I ask for directions a handful of times.
“How do I get to the woods?”
“Where to?” They ask,
and I am not sure anymore.
A four year old boy is eaten
by the African Painted Dogs in my hometown zoo
after falling into the enclosure. His mother lifted him
onto the fence to see the creatures.
When he stops moving, body
no longer under command, body
no longer together, the cries for help, cries for
end. The forests we drive through at dusk
as we leave Kansas, the long nothingness
of the state, rolling hills on and on
are purple wonderland tones;
I want to Photoshop real life.
Then the screaming starts again
and I remember to breathe.
His mother screams for three days straight.
Nobody gets to escape.
She doesn’t know how to exist if she stops.
Colorado looks just like Kansas for the first 200 miles —
long, thin and flat. I used to dream
again and again I was in a theater,
the big Benedum in downtown Pittsburgh
or the Fox in Saint Louis where Alex and I went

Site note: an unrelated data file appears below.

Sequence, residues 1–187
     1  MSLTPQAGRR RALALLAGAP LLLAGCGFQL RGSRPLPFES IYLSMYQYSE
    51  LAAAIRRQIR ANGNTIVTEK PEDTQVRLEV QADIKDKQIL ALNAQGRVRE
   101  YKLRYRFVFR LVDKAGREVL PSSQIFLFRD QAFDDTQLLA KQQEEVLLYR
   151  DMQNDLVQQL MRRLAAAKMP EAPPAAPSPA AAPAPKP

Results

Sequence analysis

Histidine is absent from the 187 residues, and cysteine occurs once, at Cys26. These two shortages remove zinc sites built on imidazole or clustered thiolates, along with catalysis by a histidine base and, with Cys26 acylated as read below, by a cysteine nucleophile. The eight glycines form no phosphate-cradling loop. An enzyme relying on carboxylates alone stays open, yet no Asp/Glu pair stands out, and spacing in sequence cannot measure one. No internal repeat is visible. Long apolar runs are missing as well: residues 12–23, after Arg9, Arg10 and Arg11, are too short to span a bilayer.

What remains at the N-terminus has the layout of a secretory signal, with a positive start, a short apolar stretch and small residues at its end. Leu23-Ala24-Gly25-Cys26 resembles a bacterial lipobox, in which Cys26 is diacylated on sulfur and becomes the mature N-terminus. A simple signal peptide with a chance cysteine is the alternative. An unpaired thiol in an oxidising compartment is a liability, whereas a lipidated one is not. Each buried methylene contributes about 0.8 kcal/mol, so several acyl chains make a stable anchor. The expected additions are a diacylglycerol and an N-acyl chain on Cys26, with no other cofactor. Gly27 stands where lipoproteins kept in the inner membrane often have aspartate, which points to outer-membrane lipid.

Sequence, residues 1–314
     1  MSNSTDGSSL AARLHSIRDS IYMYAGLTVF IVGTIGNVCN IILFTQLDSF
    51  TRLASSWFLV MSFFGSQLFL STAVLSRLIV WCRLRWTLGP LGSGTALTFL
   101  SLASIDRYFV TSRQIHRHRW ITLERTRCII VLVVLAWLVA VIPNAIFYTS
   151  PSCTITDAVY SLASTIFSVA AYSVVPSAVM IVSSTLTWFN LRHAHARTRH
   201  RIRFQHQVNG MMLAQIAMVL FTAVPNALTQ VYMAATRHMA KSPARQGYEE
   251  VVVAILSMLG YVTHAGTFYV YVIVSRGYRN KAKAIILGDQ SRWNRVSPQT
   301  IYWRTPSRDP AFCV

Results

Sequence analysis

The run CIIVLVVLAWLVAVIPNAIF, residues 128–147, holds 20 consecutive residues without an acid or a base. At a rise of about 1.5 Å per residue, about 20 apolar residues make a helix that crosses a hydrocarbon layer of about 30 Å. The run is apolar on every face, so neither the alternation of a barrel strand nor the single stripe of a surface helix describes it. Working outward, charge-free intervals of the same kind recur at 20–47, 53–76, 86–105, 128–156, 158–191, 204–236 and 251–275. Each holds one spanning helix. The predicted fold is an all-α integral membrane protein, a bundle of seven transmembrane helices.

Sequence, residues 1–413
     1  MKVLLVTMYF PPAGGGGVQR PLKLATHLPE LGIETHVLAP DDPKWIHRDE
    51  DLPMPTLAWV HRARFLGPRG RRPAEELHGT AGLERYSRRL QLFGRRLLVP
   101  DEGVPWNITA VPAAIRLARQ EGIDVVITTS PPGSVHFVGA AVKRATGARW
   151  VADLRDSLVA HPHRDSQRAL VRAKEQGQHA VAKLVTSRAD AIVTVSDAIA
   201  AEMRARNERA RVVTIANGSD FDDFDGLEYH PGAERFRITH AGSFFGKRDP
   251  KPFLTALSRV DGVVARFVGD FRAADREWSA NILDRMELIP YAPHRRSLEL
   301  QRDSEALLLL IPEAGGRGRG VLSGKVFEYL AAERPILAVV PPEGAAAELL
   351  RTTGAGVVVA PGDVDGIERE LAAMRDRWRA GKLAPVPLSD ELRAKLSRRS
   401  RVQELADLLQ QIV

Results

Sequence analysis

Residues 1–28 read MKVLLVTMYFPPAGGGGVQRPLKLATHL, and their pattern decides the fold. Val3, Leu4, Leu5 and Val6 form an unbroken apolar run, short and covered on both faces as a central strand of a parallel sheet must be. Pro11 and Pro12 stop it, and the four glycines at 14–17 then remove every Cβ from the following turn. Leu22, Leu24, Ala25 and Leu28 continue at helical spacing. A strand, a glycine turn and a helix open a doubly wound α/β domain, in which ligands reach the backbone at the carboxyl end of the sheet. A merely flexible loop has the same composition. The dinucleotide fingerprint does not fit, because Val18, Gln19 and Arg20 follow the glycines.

to hear Vivaldi’s Seasons with the red velvet
loveseats in the lobby. I would hear screaming
and it would take me a minute to realize the shrieks
were my own. Everyone was staring,
I was standing and the symphony had stopped.
Everything is hushed.
We arrive in Colorado too late to see the mountains.
Six hours later, I walk out of the cheap hotel,
morning cigarette while San sleeps in.
I see the hills. Inhale.
We are still young. Exhale.
This thought should be comforting.
We left home thinking of Las Vegas.
A fight with my mother over the telephone.
We decide not to elope, the excitement turns
to the frustration of being and knowing
we don’t have forever, of wanting
to move and risk and try.
Here is the truth I haven’t wanted to tell you:
I was afraid
the entire time.
The police drive around my neighborhood every night now,
preventing more robberies —
the older brother last year at gunpoint.
We come across a doe walking
along the road near Pike’s Peak in Colorado Springs,
where we go instead of eloping.
All I want is to be animal.
We make up our own wedding vows
on the gravel pavement of the empty parking lot
near Graham Cave in Western Missouri.
I do, I do. We guess
what time it is before we check the clock,
adjusting our eyes to the sunrise
and sunset times of the winter season.
San and I tell each other which colors we see
and where. His moon is a grapefruit.
Morning cigarette while San sleeps in.
His leg has been bothering him again —
I’m afraid of our bodies.
You can’t live if you don’t have:
(Written 2013, photograph by me)